Too poor to buy a car, Mr MLA? Dig into your development fund

July 3, 2012

For a politician whose party’s symbol is a bicycle and who used the “aam aadmi’s” (common man’s) mode of transport for an election rally, Uttar Pradesh Chief Minister Akhilesh Yadav has stoked all the wrong emotions with a proposal to let lawmakers buy cars using up to 2 million rupees (about $36,800) from their local area development funds.

Opposition parties in Uttar Pradesh have panned the chief minister’s proposal, one that would cost the state exchequer 806 million rupees ($14.6 million) — in case all 403 lawmakers in the state assembly buy cars priced at 2 million rupees each.

Shouldn’t Yadav, who won the assembly polls earlier this year riding on popular sentiment and promises of reform, use the money to develop Uttar Pradesh, one of India’s poorest states? Just days ago, his father — Samajwadi Party chief Mulayam Singh Yadav — urged the Congress-coalition government to spend money on development there.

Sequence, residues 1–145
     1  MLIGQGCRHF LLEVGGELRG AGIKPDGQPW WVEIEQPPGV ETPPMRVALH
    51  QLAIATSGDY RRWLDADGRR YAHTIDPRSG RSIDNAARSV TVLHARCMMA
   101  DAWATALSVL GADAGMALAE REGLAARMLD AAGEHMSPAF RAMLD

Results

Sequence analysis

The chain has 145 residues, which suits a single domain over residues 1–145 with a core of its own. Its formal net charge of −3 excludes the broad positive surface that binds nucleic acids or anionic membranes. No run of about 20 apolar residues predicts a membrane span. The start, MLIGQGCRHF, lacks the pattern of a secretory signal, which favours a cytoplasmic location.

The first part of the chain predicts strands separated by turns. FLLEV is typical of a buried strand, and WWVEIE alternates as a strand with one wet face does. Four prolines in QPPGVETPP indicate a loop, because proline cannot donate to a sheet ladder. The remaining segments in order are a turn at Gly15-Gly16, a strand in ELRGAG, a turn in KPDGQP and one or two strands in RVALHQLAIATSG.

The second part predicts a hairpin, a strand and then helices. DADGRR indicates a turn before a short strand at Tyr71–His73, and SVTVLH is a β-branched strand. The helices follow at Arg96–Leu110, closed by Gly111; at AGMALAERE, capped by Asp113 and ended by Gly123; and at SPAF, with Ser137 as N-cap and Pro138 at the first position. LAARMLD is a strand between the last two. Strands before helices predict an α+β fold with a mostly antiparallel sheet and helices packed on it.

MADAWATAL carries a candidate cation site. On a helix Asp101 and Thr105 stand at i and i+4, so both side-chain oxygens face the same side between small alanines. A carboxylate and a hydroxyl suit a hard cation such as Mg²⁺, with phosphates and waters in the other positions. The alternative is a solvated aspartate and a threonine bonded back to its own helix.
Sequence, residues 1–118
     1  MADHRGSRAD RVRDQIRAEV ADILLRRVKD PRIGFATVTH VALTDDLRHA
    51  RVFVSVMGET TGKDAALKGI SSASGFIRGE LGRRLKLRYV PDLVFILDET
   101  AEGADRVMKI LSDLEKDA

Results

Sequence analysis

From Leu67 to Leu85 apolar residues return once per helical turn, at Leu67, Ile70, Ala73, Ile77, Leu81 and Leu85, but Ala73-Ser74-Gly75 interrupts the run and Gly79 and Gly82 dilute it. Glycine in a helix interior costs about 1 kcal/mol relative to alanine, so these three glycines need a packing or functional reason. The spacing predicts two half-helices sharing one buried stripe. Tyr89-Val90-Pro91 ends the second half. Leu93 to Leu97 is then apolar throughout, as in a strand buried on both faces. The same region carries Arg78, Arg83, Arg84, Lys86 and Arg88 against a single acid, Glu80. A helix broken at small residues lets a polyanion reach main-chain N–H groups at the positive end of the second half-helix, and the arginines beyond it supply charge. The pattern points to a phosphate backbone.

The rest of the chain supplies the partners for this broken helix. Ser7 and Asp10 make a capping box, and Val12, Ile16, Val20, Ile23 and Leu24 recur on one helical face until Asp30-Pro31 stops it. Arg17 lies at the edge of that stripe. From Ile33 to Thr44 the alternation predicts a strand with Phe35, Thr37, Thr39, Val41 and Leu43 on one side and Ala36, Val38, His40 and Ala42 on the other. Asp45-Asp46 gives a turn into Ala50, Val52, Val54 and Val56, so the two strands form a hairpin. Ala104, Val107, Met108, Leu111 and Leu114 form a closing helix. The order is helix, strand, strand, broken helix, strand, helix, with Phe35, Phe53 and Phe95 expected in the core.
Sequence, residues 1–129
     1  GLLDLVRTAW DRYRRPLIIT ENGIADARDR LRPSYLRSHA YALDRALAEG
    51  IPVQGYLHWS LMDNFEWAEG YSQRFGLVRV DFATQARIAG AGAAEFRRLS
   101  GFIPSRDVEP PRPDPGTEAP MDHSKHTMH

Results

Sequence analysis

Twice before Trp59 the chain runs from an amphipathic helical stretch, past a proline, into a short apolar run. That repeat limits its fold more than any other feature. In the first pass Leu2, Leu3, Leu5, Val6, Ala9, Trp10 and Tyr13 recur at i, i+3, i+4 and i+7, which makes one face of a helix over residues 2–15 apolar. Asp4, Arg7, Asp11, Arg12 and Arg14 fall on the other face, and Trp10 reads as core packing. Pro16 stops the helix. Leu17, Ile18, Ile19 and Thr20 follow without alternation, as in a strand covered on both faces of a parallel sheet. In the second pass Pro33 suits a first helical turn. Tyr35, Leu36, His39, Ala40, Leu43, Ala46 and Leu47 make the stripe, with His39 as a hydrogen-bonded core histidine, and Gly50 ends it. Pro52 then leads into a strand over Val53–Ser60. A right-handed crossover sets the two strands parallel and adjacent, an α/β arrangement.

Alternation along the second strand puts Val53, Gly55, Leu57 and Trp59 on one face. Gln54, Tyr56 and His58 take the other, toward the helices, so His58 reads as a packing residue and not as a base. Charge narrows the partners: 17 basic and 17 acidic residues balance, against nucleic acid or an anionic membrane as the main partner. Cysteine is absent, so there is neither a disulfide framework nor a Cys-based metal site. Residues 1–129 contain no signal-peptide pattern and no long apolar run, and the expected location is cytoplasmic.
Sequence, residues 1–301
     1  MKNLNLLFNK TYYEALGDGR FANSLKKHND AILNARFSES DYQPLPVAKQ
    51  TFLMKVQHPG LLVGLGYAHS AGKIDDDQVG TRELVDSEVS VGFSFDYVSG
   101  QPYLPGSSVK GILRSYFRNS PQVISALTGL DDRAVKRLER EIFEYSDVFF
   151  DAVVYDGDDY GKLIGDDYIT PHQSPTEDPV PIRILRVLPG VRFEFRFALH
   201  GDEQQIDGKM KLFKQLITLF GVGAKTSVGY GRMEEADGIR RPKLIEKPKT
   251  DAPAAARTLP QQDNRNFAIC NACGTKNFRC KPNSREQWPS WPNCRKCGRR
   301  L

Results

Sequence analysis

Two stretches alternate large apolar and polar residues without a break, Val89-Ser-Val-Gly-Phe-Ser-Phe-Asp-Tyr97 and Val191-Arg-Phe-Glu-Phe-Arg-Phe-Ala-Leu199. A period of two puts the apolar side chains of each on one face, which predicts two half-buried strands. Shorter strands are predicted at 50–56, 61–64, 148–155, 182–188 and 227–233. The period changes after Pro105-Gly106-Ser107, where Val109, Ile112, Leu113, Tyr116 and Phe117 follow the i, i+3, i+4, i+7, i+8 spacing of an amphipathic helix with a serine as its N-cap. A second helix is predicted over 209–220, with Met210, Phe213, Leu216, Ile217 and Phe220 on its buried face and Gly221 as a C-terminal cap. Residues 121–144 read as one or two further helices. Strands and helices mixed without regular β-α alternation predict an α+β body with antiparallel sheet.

Can the government justify spending taxpayer money on luxury sedans even as they support populist measures as giving laptops and tablet computers to graduating students?

Why can’t lawmakers use public transportation to connect with their people? Why do they prefer an air-conditioned car to riding the bus or the train? Isn’t that where they can find most of their constituents every day? Or does mixing with the populace distract them from the business of politics?

At the very least, could they spend less than 2 million rupees on a car? Allowing MLAs to buy cars at a discount when they complete their five-year assembly terms would have even sounded credible — had Yadav not said the offer was aimed at lawmakers too poor to buy their own cars.

MLAs make 600,000 rupees ($11,046) a year — well over the per capita income of a bit more than 50,000 rupees — and get free housing and utilities. If they cannot afford to buy a car, why not give them an interest-free loan instead?

Update: Akhilesh Yadav withdrew the controversial proposal a day later

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